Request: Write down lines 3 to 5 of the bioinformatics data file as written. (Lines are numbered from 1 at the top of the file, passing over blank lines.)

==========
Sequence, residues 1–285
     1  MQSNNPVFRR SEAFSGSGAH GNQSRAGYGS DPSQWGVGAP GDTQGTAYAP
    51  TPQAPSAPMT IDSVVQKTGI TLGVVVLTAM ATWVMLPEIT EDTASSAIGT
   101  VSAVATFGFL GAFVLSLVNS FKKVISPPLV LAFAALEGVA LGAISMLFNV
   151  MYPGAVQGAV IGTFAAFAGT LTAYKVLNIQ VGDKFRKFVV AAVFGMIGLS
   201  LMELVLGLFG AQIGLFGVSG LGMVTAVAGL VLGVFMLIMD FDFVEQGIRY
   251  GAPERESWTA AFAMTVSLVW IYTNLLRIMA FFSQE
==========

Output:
    51  TPQAPSAPMT IDSVVQKTGI TLGVVVLTAM ATWVMLPEIT EDTASSAIGT
   101  VSAVATFGFL GAFVLSLVNS FKKVISPPLV LAFAALEGVA LGAISMLFNV
   151  MYPGAVQGAV IGTFAAFAGT LTAYKVLNIQ VGDKFRKFVV AAVFGMIGLS